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Port Noarlunga Reef
We’d been holed up in the house for a week and a half with work which is why there was no blog last week but this week we got out and did a bit of exploring. There is so much to see within an hours drive from here. The first place we went to was Port Noarlunga, a very pretty coastal town about 30kms away.
Port Noarlunga has a jetty, I think its compulsory in South Australia to have a jetty in every coastal town. They do make very good props for sunset pictures though. As well as looking pretty and being a good prop, Port Noarlunga jetty is particularly useful as it allows you a fantastic view of Port Noarlunga Reef from the end of it.
From Wikipedia : Port Noarlunga Reef is a narrow reef about 400 metres (1,300 feet) offshore and about 1.6 kilometres (0.99 miles) long and was formed from a consolidated Pleistocene sand dune. The reef runs parallel to shore and has two sections, with the area separating them called The Gap. It is a popular scuba diving and snorkelling location, with more than 200 marine plant species and over 60 fish species.
It was a cool and breezy day in Port Noarlunga but some hardy local took to the waters for a swim.
This unique property sits proud overlooking the reef and the jetty on the Esplanade.
The next day we took a break from work and visited a couple of historic places.
Goolwa sits on the mouth of the Murray River, it was once considered a contender for the capital for the State due to its strategic position on the Murray River however the growth of the railways put paid to that. It’s still a beautiful place. In a fit of irony one of the things Goolwa is now known for is the Steam Ranger, a steam train that runs a tourist route between there and Victor Harbour.
We decided to follow the Steam Ranger and leave Goolwa and drive to Victor Harbour.
On the way to Victor Harbour we spied a lovely beach while driving through Middleton. It’s a vague rule we’ve been following while Vagabonding that if we see something interesting we should go check it out, you never know what amazing things you might find. So we went and checked it out and what we found was indeed, pretty amazing.
At first it looked like another beautiful Australian Beach, which would have made it a worthwhile detour on its own. But as we explored a bit we very quickly discovered something very, very interesting. Every beach in every state we have visited in Australia we have seen something interesting and usually unique, this was no different we found Alien Eggs.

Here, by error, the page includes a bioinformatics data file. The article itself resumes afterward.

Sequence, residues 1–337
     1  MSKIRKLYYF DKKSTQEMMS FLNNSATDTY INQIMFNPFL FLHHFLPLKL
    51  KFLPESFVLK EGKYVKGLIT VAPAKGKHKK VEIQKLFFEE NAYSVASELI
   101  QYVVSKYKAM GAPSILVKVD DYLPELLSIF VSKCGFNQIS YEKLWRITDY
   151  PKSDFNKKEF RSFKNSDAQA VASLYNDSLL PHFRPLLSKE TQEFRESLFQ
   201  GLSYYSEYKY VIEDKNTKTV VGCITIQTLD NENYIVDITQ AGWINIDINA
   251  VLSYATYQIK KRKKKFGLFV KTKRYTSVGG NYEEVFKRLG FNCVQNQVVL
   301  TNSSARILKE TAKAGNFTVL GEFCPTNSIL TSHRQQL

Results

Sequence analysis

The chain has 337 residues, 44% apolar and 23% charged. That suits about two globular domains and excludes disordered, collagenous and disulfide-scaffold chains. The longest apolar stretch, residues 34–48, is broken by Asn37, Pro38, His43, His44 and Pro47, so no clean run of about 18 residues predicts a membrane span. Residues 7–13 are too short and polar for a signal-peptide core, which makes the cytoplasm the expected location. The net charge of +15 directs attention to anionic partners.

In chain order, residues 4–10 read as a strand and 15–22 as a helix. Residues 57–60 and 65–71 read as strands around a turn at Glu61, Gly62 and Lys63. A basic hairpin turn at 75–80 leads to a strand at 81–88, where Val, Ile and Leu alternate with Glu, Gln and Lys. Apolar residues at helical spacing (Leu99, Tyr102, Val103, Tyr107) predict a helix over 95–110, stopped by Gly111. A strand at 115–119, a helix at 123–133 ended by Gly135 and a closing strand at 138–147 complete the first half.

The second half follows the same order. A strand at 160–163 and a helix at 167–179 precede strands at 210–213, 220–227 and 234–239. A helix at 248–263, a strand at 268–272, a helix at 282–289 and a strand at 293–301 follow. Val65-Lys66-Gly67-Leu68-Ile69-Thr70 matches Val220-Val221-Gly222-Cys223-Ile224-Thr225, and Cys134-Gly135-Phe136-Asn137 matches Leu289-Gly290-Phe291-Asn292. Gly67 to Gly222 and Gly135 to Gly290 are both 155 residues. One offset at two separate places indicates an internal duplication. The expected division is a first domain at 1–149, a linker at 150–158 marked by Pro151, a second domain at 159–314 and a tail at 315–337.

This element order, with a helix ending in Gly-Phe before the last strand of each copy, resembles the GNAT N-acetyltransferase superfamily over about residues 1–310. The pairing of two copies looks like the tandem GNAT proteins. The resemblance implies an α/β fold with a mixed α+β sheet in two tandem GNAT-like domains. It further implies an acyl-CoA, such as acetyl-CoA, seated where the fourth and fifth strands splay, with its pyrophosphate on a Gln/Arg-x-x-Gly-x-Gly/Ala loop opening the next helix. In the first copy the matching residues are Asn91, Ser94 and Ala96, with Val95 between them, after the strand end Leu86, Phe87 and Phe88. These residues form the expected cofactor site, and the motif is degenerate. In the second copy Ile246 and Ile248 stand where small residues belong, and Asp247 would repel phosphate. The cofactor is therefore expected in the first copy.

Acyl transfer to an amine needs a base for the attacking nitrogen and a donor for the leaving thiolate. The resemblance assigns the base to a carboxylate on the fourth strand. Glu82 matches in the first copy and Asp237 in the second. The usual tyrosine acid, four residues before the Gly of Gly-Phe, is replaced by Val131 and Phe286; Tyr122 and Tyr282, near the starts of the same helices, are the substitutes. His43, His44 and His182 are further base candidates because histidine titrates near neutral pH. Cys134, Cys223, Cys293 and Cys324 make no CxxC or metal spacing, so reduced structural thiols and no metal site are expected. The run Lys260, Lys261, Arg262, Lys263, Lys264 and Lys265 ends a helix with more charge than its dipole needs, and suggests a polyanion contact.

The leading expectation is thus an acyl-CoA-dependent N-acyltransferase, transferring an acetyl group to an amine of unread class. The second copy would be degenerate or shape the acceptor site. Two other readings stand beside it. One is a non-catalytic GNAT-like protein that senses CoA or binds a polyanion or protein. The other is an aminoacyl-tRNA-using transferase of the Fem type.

Hundreds and hundreds of alien eggs wrapped up in seaweed. I’ve never seen anything like this before.
They were all shapes and sizes and seemed to be made of hair or moss or something.
A bit of googling later I discovered they were not unique but very rare and made of algae. Using DNA sequencing and reference to herbarium collections, scientists at Macquarie University and the Royal Botanic Gardens, Sydney have identified the algal balls as Chaetomorpha linum, a green seaweed found all around the world, usually growing as dense mat. Occasionally, these free-living seaweeds are rolled around by the currents and grow into balls and wash up onto the beach for Jenni and I to find. Seaweed biologists call this growth form aegogropilous.
Well worth the short detour for the sight and the education but not Alien Eggs unfortunately.
We spent only a short time in Victor Harbour and what we saw made us vow to be back. We knew little about the place, visiting on a recommendation. We parked beside the memorial gardens and were greeted by rows of giant Norfolk Pine Trees.
A Norfolk Island Pine tree was planted for every soldier that died, a plaque was placed on each tree with the name of each soldier. They look beautiful and were a fitting tribute.
A short walk along the esplanade and we were greeted by this sight. It looked like an interesting place to explore so it was there we headed.
There were some camels giving people rides along the beach.
We crossed the causeway to a place we now know is called Granite Island. It is a small island most famous for its colony of rare Little Penguins.